Puja Thali

In India, pooja supplies are as pivotal to the act of pooja as spice boxes are to cooking. Pooja essentials range from the idols, to incense sticks, and offerings like fruit and flowers. Another quintessential element of the pooja experience is the pooja thali. ‘Thali’ translates to ‘plate’ in English, which in some sense is how they are used during prayer rituals.
 
Thalis come into play at key moments of the prayer ceremony, such as when the devotee presents a thali laden with offerings of betel leaves and coconut; and towards the end of the ceremony, when the priest brings around a plate carrying burning camphor, whose flame devotees worship briefly, and kumkum with which one anoints the forehead and the base of the throat.
 
Pooja thali decoration can differ from region to region and from festival to festival. In homes across north India for example, Diwali thalis are layered with a bright piece of gold- or silver-threaded cloth or lace fabric, which is then decorated with vivid rangolis. Minor variations aside, there are certain key ingredients that can be found on thalis across the country, regardless of region or festival. The following is a list of some of these ingredients.
 
Tilak or kumkum: a fine vermilion powder that’s stored in a small container, kumkum is a blend of dried, powdered turmeric and a bit of slaked lime, which is what turns the turmeric red. Kumkum is a sacred application and is typically placed between ones brows. It serves as a mark of divine protection.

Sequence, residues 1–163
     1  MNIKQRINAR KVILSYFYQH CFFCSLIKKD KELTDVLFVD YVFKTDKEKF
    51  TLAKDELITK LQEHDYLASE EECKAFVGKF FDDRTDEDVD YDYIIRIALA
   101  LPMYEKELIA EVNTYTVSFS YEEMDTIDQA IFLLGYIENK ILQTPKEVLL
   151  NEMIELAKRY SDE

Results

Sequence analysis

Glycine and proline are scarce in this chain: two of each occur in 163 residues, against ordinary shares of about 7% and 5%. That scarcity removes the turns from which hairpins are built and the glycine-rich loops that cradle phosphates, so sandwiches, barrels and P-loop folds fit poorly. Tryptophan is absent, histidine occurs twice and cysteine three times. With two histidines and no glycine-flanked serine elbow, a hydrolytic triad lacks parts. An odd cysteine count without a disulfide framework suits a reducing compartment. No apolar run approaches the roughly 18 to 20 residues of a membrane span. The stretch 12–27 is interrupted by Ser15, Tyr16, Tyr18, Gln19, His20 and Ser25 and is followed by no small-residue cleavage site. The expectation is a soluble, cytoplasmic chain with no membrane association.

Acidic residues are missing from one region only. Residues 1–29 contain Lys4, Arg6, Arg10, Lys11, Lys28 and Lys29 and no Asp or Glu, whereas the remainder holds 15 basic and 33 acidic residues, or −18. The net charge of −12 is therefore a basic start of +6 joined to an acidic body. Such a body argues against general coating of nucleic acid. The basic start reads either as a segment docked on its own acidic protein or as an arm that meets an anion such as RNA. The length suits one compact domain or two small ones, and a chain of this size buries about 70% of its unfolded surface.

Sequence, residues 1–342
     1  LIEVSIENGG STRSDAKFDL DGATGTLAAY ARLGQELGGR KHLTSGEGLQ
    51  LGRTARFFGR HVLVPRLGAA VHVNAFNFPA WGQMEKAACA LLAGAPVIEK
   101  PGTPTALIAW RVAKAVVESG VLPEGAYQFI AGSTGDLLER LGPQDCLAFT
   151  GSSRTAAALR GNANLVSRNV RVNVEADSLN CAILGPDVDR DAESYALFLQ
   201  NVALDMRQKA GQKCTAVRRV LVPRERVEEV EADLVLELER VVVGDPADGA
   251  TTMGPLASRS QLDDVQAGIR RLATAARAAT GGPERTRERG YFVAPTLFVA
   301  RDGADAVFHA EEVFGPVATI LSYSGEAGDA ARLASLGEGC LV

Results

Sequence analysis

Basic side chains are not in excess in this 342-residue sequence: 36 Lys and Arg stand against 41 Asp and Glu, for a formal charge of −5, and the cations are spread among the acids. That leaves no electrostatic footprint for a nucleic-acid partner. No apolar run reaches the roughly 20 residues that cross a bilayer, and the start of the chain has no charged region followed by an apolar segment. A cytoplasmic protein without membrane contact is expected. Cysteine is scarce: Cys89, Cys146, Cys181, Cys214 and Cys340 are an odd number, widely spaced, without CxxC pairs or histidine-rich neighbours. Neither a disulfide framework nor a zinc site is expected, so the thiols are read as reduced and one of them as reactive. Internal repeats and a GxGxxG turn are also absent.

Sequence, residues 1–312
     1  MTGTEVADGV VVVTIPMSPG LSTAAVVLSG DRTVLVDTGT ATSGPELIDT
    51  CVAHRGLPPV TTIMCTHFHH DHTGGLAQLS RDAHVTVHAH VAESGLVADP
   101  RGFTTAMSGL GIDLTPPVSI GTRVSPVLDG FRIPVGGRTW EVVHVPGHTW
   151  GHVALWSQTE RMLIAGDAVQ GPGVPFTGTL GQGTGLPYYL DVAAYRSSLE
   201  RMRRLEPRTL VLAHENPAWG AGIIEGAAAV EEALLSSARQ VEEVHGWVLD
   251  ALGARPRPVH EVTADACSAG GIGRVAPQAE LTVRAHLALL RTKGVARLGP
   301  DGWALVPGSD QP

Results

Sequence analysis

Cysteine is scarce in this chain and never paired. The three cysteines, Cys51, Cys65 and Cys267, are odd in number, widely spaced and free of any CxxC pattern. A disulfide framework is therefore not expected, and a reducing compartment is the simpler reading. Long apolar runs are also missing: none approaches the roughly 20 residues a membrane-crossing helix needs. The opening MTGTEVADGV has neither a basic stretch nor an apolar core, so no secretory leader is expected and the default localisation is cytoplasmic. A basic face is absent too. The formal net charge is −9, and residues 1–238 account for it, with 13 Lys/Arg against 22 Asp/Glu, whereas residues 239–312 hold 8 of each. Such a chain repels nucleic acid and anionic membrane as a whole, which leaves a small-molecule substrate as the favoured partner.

Sweets (e.g. laddoos) and seasonal fruits for prasadam (food offering to God).
 
Incense sticks: a blend of fragrant plant matter and essential oils, incense sticks are used in rituals across religions, as their aroma is believed to repel negative energy and to purify the air.
 
Vibhuti:  made out of a blend of dried cow dung and semi-grown rice paddy, vibhuti is believed to have curative properties.
 
Diya: light, whether firelight or candlelight, signifies knowledge (en‘light’enment) of a spiritual nature. A lit lamp invokes and encourages spiritual enlightenment.
 
Other ingredients include camphor, coconuts, betel leaves, a hand bell, a small metal pot filled with water (a little of which is sipped at the end of the ceremony), and a sacred string to be tied around the wrist after the pooja ceremony.
 
Pooja ceremonies and objects are deeply cherished aspects of everyday life in India, and must be chosen with great love and care.

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